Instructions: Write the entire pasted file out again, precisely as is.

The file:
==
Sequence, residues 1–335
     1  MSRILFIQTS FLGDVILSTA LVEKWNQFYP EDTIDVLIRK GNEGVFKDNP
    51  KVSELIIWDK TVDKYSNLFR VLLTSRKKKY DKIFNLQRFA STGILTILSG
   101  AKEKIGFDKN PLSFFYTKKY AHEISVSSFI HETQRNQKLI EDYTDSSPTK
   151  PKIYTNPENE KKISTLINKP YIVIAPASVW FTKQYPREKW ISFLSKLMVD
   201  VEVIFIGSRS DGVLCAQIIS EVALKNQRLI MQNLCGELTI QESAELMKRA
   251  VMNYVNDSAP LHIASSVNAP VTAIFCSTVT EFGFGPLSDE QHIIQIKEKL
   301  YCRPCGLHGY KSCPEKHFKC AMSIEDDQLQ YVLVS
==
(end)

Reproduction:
Sequence, residues 1–335
     1  MSRILFIQTS FLGDVILSTA LVEKWNQFYP EDTIDVLIRK GNEGVFKDNP
    51  KVSELIIWDK TVDKYSNLFR VLLTSRKKKY DKIFNLQRFA STGILTILSG
   101  AKEKIGFDKN PLSFFYTKKY AHEISVSSFI HETQRNQKLI EDYTDSSPTK
   151  PKIYTNPENE KKISTLINKP YIVIAPASVW FTKQYPREKW ISFLSKLMVD
   201  VEVIFIGSRS DGVLCAQIIS EVALKNQRLI MQNLCGELTI QESAELMKRA
   251  VMNYVNDSAP LHIASSVNAP VTAIFCSTVT EFGFGPLSDE QHIIQIKEKL
   301  YCRPCGLHGY KSCPEKHFKC AMSIEDDQLQ YVLVS